Saturday, April 28, 2007

Cornwall (part 2)

The next day we came to see Land's End - the westernmost tip of the British Isles. It's just unfortunate that it was not spared from the encroachment of commercialism. To gain access you have to go through this facade for a range of shops, theme park type of shows and restaurants. Of course, if you go via the Cornwall Coastal Path you won't have to pollute your senses of this commercialism. I say ignore all these and walk further ahead until you come to the beautiful rocky scene of the real Land's End.

Paths around here are paved and clearly marked so you can get from one vantage point to another.

This is the view from the other vantage point looking over at the commercial area at the entrance to Land's End. If you notice at the left-hand side of the picture there is a hanging bridge (green one) that may give some people the creepies. It hangs over a cliff where a fall would land you some 200+ feet down the crashing waves below.

That's Cape Cornwall on the foreground - notice the cave carved out by the sea? I walked around that area during a stormy windy day several years ago when I walked the dog (Jack) of a local friend. The sound and power of the waves crashing on the rocks was just amazing.

Some scenes in Land's End. Almost every building here is named 'first and last' this and that. So you have the first and last pub or the first and last inn - ad nauseaum.

After a great time touring Land's End, we decided to do a little cultural thing with the kids. So off we went to Minack Theatre, an open-air theatre having the full expanse of the sea as a backdrop. How's that for drama?

The theatre itself was carved out of the rocks on the cliffside. Such amazing lifetime effort from the woman who started this - Rowena Cade. Their garden was amazing, too. All plants there are made to withstand sea breeze and most probably sea gales as well.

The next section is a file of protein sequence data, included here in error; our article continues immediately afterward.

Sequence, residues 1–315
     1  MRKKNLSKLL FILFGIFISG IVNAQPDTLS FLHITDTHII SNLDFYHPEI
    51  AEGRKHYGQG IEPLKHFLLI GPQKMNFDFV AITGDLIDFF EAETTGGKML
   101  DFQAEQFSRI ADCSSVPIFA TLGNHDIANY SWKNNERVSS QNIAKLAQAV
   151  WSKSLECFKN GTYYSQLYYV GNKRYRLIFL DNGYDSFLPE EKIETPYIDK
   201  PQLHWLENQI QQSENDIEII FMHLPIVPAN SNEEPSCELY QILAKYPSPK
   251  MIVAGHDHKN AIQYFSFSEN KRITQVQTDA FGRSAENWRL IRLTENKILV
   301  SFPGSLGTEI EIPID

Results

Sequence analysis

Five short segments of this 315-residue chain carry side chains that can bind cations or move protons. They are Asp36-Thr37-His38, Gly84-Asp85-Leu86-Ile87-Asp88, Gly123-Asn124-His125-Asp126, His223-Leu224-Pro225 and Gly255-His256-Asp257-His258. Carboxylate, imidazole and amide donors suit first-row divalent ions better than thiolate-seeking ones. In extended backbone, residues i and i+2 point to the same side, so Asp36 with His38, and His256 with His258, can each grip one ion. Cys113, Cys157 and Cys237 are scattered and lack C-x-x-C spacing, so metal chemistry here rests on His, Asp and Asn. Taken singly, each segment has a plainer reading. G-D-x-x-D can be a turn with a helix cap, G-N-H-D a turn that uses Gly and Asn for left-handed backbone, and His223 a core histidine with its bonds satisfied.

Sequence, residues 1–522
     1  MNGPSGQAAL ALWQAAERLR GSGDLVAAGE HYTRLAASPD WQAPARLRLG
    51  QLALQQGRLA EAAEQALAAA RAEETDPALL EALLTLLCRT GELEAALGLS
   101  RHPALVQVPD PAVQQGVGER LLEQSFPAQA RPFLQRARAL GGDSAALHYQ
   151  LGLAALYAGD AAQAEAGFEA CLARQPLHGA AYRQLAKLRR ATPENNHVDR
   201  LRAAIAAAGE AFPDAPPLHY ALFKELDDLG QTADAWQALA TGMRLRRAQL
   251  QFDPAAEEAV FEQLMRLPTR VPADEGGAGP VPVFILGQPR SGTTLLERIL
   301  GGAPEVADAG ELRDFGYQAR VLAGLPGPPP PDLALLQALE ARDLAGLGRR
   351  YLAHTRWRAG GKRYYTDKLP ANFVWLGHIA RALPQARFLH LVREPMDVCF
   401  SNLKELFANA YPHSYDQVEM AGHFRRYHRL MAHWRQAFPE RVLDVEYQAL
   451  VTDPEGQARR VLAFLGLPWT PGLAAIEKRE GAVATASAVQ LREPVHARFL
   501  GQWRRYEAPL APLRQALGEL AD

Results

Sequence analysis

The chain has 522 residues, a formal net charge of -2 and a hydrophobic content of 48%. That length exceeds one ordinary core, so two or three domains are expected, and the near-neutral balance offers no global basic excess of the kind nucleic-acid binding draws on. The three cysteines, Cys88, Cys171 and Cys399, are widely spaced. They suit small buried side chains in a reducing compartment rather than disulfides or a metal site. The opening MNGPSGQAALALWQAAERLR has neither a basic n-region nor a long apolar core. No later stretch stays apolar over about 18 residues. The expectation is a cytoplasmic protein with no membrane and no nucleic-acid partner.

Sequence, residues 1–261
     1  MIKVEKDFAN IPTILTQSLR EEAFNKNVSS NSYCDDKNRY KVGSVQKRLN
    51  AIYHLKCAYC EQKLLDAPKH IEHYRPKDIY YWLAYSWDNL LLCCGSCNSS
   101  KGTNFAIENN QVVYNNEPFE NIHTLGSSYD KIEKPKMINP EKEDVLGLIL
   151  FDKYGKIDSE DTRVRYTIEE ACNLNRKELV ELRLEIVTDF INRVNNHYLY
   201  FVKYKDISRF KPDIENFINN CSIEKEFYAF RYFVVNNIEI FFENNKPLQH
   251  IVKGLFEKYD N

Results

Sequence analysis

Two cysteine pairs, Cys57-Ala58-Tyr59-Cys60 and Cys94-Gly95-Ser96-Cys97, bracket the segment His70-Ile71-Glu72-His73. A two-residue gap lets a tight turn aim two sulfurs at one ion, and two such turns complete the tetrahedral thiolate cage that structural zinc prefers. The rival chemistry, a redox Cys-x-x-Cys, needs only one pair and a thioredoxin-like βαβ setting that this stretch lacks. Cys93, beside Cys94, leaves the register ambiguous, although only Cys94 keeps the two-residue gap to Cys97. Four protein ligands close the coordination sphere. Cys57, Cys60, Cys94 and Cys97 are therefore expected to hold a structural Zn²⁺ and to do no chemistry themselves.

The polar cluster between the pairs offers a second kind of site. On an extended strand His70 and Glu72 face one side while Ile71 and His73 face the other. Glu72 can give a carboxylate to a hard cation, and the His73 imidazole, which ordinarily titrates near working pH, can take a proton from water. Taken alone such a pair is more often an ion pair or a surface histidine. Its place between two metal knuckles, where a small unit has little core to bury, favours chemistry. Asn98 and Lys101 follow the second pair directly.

Since this theatre is open to the elements we naturally brought our jackets. But we were wondering what we were getting ourselves into because at the car park we saw a number of people dressed in winter garbs as in layered thick outdoors clothes, wooly hats, gloves, boots, the whole lot. Some even brought in sleeping bags! We decided to play it safe and buy a few wooly hats and jumpers in their gift shops. I know it's expensive but I'd rather pay than be stone cold for a few hours.

This is the stage of the Minack. As you can see the audiences' seating is quite steep. We had to hire (£1 each) cushions to protect us from the cold hard granite seating. See that rocky headland in the middle of the picture? Way before the play started we saw a couple of fishermen walked there, positioned themselves and cast their rods. We thought they would leave by dusk. But what do you know, they were still at it even after the play finished at 10PM !

The musical play we saw was Les Miserables staged by the Kidz R Us amateur theatre company from St. Ives. As their name suggests, all of the cast are kids and teenagers. Despite that the play was marvellous. The singers especially were good. The orchestral music was even live and judging from their sound, all done by kids as well. However, I could just imagine the worry of the parents of these kids because by nightfall the wind was gently blowing with chilly early springtime breeze. I hope none of them fell ill in their sometimes skimpy clothes.

We were shivering as well though we managed to survive with our warm clothes on. The beauty of the setting was apparent from the start but is most especially fantastically dramatic as the sun was setting throwing all red and yellow hues in the horizon. Then a lighthouse from a distance turned on and a brightly lit fishing boat sailed past. Such memorable sight they all are as a backdrop for a very good production of Les Miserable.

On our way home, Deng revealed why he was particularly keen on this musical. It turned out he (or rather a classmate) made a book report on the novel where it is based. He said it's only now decades later that he fully understood the whole story! ;)

1 comment:

eyanharve said...

Nice information and thanks for sharing. lovely blog,
- St Austell